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Educators accused of holding bogus vaccine cards go back to class

Judge: DOE skirted contract's disciplinary requirements


Thirty city public school employees accused last spring of submitting fraudulent Covid vaccine cards received return-to-service letters Jan. 11 after a state Supreme Court judge ordered that they must be allowed back in the classroom.

The educators, who are tenured and were named in a lawsuit seeking their reinstatement, are among the 82 Department of Education employees who were placed on leave without pay last April for allegedly failing to comply with the vaccine mandate established for city schools employees in the fall of 2021.

The United Federation of Teachers argued that the city violated its collective bargaining agreement by disciplining its members without first holding due process hearings. An arbitrator agreed, ruling last June that the DOE did not have the right to place the accused educators on unpaid leave without first allowing them to appeal.

Rubber room assignments 'arbitrary'

The DOE sent a memo to the staffers informing them that they would start being paid again once school started in September, but that they would not return to the classroom. A lawsuit naming 30 of the educators sought their reinstatement to their previous classroom positions, as well as back pay. The teachers argued in the suit that their placement in a reassignment center — better known as a “rubber room” — without first having a disciplinary hearing was “capricious and arbitrary.”

Brooklyn Supreme Court Justice Gina Abadi agreed, stating in her Dec. 30 decision that the DOE “cannot skirt the disciplinary requirements by claiming that petitioners failed to meet a condition of employment in failing or refusing to be vaccinated.”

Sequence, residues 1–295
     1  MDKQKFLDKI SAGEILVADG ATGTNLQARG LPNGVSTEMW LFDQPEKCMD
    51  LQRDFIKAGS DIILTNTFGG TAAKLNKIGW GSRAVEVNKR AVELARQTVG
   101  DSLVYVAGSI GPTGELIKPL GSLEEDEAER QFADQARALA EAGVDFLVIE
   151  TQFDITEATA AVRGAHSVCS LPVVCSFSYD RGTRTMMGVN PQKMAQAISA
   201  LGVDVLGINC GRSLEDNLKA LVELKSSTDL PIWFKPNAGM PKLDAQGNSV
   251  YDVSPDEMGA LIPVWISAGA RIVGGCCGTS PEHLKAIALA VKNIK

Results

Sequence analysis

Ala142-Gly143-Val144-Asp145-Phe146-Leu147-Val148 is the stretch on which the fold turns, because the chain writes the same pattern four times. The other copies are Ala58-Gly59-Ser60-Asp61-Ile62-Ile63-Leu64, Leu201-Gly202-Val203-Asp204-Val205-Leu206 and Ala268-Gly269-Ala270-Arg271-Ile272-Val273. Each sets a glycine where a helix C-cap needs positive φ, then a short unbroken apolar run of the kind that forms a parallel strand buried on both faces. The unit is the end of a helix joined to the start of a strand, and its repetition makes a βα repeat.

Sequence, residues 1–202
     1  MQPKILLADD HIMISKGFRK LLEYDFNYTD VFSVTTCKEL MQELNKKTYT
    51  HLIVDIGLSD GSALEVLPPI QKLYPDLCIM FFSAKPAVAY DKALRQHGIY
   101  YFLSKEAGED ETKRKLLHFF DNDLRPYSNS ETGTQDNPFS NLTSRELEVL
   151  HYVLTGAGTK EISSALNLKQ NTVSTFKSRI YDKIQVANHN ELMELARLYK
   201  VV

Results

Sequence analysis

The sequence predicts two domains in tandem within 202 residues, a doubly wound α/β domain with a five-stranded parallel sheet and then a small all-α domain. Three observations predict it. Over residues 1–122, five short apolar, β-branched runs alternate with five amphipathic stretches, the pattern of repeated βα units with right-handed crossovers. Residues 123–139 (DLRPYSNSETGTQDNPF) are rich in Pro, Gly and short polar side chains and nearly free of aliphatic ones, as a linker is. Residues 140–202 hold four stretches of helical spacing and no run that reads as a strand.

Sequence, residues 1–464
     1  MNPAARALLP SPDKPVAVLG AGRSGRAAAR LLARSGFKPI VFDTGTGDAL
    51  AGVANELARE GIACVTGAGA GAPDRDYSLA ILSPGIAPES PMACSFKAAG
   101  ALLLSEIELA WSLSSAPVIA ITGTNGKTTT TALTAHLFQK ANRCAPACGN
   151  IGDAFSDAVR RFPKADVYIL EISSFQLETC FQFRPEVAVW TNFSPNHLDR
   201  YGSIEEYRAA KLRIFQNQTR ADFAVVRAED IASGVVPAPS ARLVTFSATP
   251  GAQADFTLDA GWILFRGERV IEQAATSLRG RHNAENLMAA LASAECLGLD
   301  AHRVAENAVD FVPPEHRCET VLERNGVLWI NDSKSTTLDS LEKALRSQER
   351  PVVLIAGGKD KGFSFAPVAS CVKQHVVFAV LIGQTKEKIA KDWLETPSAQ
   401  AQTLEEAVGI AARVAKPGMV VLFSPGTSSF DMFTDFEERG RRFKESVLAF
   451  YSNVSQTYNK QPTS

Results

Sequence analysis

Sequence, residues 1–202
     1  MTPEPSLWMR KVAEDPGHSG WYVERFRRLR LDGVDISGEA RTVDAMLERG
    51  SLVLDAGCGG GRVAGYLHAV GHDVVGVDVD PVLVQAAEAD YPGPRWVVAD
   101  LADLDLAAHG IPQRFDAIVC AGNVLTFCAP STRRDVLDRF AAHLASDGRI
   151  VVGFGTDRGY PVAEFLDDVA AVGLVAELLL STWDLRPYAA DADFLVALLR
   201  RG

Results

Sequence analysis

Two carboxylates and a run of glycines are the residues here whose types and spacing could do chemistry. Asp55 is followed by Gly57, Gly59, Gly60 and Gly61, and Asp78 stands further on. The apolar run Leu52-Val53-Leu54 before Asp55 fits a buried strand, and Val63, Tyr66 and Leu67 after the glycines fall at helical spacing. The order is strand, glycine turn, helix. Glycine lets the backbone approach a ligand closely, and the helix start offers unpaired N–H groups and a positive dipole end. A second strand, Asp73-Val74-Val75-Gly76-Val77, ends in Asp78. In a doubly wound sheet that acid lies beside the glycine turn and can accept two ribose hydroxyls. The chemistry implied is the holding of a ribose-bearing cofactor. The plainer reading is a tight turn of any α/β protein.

She acknowledged that the courts have permitted city employees to be fired or placed on unpaid leave for failing to meet Covid vaccine mandates without first facing due process hearings. “However, this matter does not involve a situation where petitioners’ failure or refusal to comply with the vaccine mandate order is at issue. Instead, petitioners maintain that they have, in fact, complied with the mandate and that the allegations are false,” Abadi concluded.

The judge also prohibited the DOE from further placing employees in reassignment centers or on unpaid leave without first holding due process hearings and ordered that the workers receive back pay.

Their union applauded the decision. “The UFT's position is that the DOE had no authority to place members on unpaid leave based on unproven allegations,” a spokesperson for the union said.

The 30 educators named in the lawsuit were able to return to the classroom last week, the UFT said in an email. “We are continuing to work with the Department of Education on the return to service for other affected UFT members,” the union said.

A city Law Department spokesperson told the New York Post, which first reported the decision, that it was reviewing “this disappointing decision and considering our options.”

The 82 educators reportedly obtained fake vaccination cards from Wild Child Pediatric Healthcare in Amityville, Long Island, where the Suffolk County District Attorney’s Office alleged that two nurses made $1.5 million selling thousands of phony vaccine cards.

The Special Commissioner of Investigation for the New York City School District provided the DOE with a list of employees who were “implicated” in a “fraudulent vaccination operation” probe, according to the decision. The investigation is ongoing.



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